- You’ve completed your first treble crochet stitch!
Treble Crochet into a Foundation Chain
It’s time to make your first row of treble crochet! Begin with a foundation of chain stitches, and you’re ready to go.
- Chain four for the turning chain, YO twice. Insert the hook into the 5th stitch from the hook;
- Pull up a loop. You should see 4 loops on the hook;
- YO and draw the yarn through the first two loops;
- YO again and pull the yarn through the next two loops;
- YO and draw the yarn through the last two loops.
- Repeat the steps to make tr stitches until you reach the end of the row. Then, crochet 4 turning chains before starting the next row.
Treble Crochet in Next Row
If you didn’t make the turning chains at the end of the last row, you can do so before starting the next rows.
- Skip the first 4 chains for the turning chain (counts as the first tr stitch) and turn your work clockwise. YO twice and insert hook into next stitch;
- YO and pull up a loop;
- YO again and pull the working yarn through the first two loops;
- YO again and pull through another two loops;
- YO and draw yarn through all the loops on the hook. This is what a tr stitch looks like in a row.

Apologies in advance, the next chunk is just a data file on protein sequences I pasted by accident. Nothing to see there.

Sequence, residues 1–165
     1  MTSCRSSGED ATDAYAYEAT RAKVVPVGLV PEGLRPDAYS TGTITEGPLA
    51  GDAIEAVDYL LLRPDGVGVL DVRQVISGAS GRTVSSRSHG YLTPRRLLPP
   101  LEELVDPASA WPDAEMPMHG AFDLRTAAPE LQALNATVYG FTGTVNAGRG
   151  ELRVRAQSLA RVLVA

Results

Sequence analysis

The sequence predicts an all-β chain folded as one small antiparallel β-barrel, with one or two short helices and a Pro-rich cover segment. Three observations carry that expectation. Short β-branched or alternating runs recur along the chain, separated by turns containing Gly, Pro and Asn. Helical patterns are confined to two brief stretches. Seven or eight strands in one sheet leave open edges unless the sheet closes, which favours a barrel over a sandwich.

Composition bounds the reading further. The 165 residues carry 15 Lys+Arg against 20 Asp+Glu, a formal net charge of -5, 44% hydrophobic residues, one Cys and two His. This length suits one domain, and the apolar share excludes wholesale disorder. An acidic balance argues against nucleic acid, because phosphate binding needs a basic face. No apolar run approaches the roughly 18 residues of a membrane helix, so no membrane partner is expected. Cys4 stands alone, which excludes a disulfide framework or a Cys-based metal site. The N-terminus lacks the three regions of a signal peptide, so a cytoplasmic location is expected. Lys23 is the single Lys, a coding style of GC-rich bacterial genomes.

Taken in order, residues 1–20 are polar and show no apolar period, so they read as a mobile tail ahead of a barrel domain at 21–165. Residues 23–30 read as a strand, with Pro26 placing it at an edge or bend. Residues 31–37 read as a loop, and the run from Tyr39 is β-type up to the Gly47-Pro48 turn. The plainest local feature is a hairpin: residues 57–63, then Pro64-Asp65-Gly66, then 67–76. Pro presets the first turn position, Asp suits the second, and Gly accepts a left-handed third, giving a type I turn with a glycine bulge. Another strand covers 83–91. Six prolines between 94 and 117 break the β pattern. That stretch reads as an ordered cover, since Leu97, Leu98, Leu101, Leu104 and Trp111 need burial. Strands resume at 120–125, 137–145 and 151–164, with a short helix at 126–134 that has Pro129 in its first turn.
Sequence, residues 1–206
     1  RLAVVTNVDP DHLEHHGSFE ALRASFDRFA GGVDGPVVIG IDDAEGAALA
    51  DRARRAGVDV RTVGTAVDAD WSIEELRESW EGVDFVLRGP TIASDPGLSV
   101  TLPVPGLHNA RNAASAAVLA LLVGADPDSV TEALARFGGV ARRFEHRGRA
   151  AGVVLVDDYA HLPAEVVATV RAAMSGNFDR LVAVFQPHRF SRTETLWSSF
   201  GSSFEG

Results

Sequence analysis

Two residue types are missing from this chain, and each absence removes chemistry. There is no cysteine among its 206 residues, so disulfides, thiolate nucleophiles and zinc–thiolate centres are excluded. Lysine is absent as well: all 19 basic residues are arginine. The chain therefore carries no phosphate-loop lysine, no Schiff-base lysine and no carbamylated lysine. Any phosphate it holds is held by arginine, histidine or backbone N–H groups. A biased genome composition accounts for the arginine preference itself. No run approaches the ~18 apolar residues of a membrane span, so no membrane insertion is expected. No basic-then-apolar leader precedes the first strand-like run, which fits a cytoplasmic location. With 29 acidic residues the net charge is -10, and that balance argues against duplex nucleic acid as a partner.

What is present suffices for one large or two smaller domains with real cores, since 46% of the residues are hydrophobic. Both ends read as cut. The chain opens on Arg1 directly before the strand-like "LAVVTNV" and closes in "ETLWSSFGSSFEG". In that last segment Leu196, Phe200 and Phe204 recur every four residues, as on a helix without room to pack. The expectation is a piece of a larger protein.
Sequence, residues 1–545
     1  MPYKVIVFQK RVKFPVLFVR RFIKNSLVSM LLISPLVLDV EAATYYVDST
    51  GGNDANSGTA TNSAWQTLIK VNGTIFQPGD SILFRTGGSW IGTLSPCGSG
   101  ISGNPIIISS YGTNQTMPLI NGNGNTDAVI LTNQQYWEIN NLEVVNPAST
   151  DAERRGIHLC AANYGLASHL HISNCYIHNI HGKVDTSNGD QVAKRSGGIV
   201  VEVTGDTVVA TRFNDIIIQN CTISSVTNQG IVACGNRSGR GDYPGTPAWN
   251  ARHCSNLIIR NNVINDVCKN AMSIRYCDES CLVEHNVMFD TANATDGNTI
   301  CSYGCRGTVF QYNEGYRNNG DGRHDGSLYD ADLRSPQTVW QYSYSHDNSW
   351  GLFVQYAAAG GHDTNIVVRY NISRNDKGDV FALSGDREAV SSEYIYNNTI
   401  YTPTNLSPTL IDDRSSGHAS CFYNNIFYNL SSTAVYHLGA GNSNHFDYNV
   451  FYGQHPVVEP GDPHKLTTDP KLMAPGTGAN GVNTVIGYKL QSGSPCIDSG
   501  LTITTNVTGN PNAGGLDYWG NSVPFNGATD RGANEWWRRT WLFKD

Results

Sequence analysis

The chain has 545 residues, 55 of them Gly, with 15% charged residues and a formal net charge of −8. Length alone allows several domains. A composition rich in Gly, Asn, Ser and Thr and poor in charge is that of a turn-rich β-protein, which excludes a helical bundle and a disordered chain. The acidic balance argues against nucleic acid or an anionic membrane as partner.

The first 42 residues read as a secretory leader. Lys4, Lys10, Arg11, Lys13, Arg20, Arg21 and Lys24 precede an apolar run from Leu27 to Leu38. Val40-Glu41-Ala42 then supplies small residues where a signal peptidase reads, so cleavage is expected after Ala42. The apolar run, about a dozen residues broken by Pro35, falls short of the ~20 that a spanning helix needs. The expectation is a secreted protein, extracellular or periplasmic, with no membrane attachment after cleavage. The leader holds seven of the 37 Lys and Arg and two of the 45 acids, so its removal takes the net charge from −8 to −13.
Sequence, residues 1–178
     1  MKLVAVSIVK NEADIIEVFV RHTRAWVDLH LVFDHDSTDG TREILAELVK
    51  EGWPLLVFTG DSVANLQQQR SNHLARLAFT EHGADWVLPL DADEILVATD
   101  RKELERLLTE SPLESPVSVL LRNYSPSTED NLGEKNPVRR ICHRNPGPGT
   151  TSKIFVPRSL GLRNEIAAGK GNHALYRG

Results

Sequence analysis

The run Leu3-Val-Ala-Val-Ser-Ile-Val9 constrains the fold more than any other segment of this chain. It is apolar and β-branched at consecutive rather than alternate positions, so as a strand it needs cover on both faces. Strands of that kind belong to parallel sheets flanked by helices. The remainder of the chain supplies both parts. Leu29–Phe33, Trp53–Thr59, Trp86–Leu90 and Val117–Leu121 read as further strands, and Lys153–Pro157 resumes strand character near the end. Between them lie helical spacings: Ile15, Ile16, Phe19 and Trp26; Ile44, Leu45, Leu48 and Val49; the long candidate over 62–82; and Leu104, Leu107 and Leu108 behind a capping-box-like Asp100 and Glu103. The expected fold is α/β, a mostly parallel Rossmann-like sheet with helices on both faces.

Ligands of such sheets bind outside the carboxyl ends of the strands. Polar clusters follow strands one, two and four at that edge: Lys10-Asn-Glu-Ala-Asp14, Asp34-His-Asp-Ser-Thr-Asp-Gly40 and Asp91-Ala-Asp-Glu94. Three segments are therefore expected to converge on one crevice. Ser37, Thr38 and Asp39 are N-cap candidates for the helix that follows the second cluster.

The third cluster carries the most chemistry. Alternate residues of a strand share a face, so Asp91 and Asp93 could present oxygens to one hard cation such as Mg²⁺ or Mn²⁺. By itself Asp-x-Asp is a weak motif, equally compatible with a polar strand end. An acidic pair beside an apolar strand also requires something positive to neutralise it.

Treble Crochet Increase and Decrease
Once you learn how to make a regular tr stitch, you can discover new techniques like increases and decreases. This allows you to get creative with crochet designs and make more patterns!
1. How to Increase Stitches in Treble Crochet
Increasing stitches means placing two or more stitches into the same stitch from the previous row or round. Depending on the design, you can also crochet three or more stitches as an increase.
- 2tr: Crochet 2 tr stitches into the same stitch.
- 3tr: Crochet 3 tr stitches into the same stitch.
- 4tr: Crochet 4 tr stitches into the same stitch, and so on.
2. How to Decrease Stitches in Treble Crochet
A crochet decrease involves turning two stitches into one stitch. This helps to reduce the number of stitches per row/round.
- YO twice and insert the hook into a stitch. Make a tr stitch until the last step. You should have two loops left on your hook;